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Hyndburn brutal thug sentenced to four years in prison
AN attacker who launched a brutal and vicious assault on a man outside a Great Harwood pub and smashed his face in has been jailed for four years.
Michael Wilcock, 23, inflicted an extensive fracture to Shaun Birtwistle's cheek and sinus area in the sustained early hours onslaught, Burnley Crown Court heard. The victim also suffered other injuries, but discharged himself from hospital after 48 hours.
Wilcock, who later told a police nurse he had been drinking and taking cocaine, had repeatedly kicked Mr Birtwistle to the head until he was unconscious, pulled him up, punched him in the head and then landed two more kicks as the police turned up. Another man was also said to have joined in the beating.
The defendant, of Ansdell Road, Blackburn, admitted causing grievous bodily harm with intent, last October.
Abigail Hudson, proseuting, said about 2.30am, a passer-by told police about an incident outside the Lomax Arms, in Blackburn Road. An off-duty police officer also came across the attack.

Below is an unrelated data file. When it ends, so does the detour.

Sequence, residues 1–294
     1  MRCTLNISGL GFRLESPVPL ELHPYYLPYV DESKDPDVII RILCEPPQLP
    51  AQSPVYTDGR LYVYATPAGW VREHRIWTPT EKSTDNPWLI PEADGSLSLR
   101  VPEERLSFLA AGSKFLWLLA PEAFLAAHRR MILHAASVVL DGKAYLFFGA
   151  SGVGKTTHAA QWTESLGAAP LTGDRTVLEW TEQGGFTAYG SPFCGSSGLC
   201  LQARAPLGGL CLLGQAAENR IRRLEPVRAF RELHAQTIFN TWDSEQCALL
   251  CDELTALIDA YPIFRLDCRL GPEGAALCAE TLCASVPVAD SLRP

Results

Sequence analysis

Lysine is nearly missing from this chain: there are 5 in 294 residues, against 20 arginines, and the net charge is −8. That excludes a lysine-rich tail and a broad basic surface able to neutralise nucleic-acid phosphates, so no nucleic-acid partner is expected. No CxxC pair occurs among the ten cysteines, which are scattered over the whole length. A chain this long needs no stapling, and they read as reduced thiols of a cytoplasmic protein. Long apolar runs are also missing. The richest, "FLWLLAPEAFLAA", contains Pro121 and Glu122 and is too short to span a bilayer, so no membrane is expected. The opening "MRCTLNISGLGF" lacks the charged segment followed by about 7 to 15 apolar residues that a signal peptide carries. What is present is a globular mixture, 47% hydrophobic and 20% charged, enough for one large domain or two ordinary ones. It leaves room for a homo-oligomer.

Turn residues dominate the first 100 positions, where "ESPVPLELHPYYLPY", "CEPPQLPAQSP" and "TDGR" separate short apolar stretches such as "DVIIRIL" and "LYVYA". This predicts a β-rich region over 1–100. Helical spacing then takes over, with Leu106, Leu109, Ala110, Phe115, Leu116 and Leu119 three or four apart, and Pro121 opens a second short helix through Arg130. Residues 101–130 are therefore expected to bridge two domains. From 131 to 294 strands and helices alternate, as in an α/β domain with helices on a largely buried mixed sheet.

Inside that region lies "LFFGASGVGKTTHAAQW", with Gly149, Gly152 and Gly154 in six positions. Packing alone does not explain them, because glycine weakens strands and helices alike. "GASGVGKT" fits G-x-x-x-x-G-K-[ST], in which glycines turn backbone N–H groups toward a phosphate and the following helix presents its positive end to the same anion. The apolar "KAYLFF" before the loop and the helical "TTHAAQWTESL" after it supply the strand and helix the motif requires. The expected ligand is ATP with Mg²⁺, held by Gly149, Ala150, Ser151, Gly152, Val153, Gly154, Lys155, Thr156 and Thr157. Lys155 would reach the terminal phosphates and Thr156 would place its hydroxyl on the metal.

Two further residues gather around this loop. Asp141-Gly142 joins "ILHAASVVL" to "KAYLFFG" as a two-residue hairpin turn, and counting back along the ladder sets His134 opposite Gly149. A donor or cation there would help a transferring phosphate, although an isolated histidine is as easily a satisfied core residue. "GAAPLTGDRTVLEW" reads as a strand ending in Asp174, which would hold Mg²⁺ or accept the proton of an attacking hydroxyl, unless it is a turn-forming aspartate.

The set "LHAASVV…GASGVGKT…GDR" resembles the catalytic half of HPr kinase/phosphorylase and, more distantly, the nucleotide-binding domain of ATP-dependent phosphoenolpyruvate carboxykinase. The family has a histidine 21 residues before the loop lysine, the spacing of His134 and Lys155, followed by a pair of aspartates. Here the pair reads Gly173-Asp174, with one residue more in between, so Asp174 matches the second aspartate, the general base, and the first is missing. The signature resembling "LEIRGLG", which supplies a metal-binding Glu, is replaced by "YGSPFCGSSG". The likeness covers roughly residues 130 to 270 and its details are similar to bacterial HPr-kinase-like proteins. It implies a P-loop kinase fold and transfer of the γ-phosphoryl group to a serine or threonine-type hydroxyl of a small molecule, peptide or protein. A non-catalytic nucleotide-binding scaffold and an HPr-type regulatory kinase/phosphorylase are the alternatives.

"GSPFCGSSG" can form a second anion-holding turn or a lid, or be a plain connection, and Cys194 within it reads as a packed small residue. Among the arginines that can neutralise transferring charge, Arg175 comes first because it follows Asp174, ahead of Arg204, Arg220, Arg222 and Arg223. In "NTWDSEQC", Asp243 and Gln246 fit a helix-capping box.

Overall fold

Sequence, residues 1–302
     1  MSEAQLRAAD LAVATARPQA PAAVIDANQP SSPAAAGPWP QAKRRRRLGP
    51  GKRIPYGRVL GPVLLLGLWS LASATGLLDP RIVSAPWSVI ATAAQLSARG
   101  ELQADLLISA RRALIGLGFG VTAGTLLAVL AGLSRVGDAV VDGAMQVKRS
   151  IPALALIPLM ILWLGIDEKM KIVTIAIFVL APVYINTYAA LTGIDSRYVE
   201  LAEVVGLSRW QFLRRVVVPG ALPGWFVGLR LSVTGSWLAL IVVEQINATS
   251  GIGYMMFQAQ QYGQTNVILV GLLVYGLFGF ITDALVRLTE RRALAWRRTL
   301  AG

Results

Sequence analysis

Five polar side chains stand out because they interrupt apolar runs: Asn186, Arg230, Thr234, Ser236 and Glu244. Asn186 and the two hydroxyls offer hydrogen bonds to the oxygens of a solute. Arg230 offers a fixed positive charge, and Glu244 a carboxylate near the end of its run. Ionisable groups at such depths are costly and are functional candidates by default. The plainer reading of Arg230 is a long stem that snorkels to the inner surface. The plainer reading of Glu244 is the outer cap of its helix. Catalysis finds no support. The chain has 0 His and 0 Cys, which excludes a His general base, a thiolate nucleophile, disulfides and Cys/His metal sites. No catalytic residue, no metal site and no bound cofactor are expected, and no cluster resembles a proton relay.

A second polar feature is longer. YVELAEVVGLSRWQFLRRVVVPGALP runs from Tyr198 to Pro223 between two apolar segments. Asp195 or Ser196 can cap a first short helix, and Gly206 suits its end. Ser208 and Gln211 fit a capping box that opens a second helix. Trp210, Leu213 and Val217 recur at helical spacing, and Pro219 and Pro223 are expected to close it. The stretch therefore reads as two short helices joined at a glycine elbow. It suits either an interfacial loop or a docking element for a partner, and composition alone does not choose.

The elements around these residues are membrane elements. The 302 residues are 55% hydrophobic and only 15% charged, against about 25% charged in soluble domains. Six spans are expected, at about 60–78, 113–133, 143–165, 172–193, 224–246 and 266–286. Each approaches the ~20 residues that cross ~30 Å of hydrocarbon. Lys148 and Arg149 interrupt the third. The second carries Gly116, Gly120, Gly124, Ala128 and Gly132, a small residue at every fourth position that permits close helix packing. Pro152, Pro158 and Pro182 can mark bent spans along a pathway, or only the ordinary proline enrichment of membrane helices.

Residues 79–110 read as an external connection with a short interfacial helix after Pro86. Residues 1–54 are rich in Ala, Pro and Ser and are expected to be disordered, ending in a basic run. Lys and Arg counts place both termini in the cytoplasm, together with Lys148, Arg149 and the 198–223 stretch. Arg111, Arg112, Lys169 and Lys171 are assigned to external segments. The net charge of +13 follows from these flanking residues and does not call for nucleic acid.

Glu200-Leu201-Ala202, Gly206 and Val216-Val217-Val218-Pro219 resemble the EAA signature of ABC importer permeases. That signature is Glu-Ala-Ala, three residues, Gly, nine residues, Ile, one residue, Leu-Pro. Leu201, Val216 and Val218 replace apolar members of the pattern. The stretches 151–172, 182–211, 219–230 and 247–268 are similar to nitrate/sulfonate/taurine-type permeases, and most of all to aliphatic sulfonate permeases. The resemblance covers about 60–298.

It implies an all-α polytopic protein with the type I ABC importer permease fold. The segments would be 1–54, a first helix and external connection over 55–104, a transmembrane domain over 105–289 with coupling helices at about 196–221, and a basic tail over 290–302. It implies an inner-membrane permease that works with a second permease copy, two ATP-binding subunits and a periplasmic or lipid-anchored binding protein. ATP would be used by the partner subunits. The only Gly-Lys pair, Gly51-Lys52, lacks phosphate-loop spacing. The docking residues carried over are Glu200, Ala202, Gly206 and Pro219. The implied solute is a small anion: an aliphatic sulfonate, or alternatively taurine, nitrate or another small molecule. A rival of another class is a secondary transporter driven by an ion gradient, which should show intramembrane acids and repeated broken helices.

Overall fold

Victim Mr Birtwistle described himself as drunk, but not paralytic. He had argued with a group of people in the pub and when he went to leave the defendant's group was still outside.
Wilcock began to row with the victim, took a swing at him, struck him in the cheek and a scuffle followed. The defendant pulled Mr Birtwistle down to the ground, repeatedly punched him to the head, put him in a headlock and hit him from underneath.
Miss Hudson said the victim was on the ground and Wilcock started repeatedly kicking him to the side of the head.
The off-duty officer shouted that police had arrived and the defendant kicked Mr Birtwistle twice more before officers got to them. The defendant con- tinued to lash out, tried to run away and was arrested.
Martin Hackett, for Wilcock, said: “He’s acted out of character, in my submission, as regards offences of violence.” Wilcock apologised to the victim.
Judge Beverley Lunt told Wilcock: “The most sensible thing you did in this case was plead guilty.
“You acted like a man and you stood up and you admitted what you had done. It's astonishing to me that the injuries the victim suffered were not worse.”